Straight after Elan’s share price collapsed following the company’s decision, taken along with US partner Biogen Idec, to withdraw its multiple sclerosis drug Tysabri (natalizumab), after it was linked to two cases of progressive multifocal leukoencephalopathy – a rare central nervous system disease [[01/03/05a]] – analysts were considering the long-term effects the move could have on the Irish-based firm.

Global Insight’s senior healthcare analyst Henry Dummett said: “Both companies are now faced with an anxious period of investigation” to assess the safety profile of Tysabri as this is likely to determine the scope of further clinical trials, “which, in turn, will influence if and when the drug makes a return to the market.”

Mr Dummett’s report also notes: “This solemn outlook is in stark contrast to the fanfare that heralded Tysabri’s approval” in the USA last November [[24/11/04a]]. However, he added that, “while a shadow now hangs over the safety of the drug, there is little doubt over its efficacy,” noting that the two-year clinical trial that is now at the centre of the safety scare also produced impressive efficacy data [[17/02/05a]].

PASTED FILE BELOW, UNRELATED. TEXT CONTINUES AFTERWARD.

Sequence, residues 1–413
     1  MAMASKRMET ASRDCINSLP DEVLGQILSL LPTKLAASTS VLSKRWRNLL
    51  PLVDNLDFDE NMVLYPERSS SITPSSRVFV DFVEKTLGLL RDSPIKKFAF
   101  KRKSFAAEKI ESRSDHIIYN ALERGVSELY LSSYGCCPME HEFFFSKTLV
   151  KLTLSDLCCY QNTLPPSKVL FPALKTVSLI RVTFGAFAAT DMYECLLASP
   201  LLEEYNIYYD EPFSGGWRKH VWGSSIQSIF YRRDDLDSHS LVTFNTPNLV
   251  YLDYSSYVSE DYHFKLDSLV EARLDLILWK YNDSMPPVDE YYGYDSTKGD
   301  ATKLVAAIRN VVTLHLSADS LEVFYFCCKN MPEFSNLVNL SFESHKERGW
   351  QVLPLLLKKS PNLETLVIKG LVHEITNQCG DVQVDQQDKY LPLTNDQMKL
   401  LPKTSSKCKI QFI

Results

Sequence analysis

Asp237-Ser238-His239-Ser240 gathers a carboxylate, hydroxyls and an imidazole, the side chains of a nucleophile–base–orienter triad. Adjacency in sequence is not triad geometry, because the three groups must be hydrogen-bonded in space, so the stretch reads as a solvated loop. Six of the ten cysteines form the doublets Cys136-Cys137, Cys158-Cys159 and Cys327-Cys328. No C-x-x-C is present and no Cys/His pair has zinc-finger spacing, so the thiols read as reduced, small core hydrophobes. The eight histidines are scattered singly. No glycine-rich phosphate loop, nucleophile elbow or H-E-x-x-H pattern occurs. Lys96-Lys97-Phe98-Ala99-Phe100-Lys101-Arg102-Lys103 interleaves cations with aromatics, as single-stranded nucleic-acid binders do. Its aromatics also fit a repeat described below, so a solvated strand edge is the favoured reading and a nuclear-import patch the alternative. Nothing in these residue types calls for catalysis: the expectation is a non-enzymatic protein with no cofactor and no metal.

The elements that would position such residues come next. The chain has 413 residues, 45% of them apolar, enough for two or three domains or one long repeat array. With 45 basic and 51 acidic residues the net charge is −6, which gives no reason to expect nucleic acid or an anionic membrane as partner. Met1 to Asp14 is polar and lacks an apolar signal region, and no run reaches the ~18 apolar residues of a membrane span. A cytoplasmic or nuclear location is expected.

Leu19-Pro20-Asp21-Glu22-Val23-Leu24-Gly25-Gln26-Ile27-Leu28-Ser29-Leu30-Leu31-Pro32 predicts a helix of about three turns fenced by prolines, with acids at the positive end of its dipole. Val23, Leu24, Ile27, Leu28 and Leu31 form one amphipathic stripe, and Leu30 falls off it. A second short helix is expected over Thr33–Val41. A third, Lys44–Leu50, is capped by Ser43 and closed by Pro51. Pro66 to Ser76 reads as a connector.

However, all that has been forgotten for the time being, especially for Elan. Coupled with the recent approvals for the pain-relief drug, Prialt (ziconotide), in both Europe and the USA [[23/02/05a]], [[04/01/05d]], the report states that Tysabri had been expected to act as the main driver for recovery at the Irish company, which was on the verge of bankruptcy not so long ago [[08/02/02b]].

“Prialt is a potentially lucrative drug,” says Mr Dummett, “but a disturbing 70% share-price fall in response to the Tysabri withdrawal illustrates all too clearly that most of Elan’s value is tied up in the MS drug.” If it stays off the market for some time, “Elan’s anticipated return to profitability in 2006 will remain a pipe-dream,” he added.

The news has also shown the limitations of Biogen Idec’s pipeline, once again highlighting its reliance on the MS drug, Avonex (interferon beta-1a), and the non-Hodgkin’s lymphoma agent, Rituxan (rituximab). Indeed, the Global Insight report concludes: “It is no exaggeration to state that the company’s entire strategy for the management of its portfolio… will lie in ruins if Tysabri fails to make it back to the market.”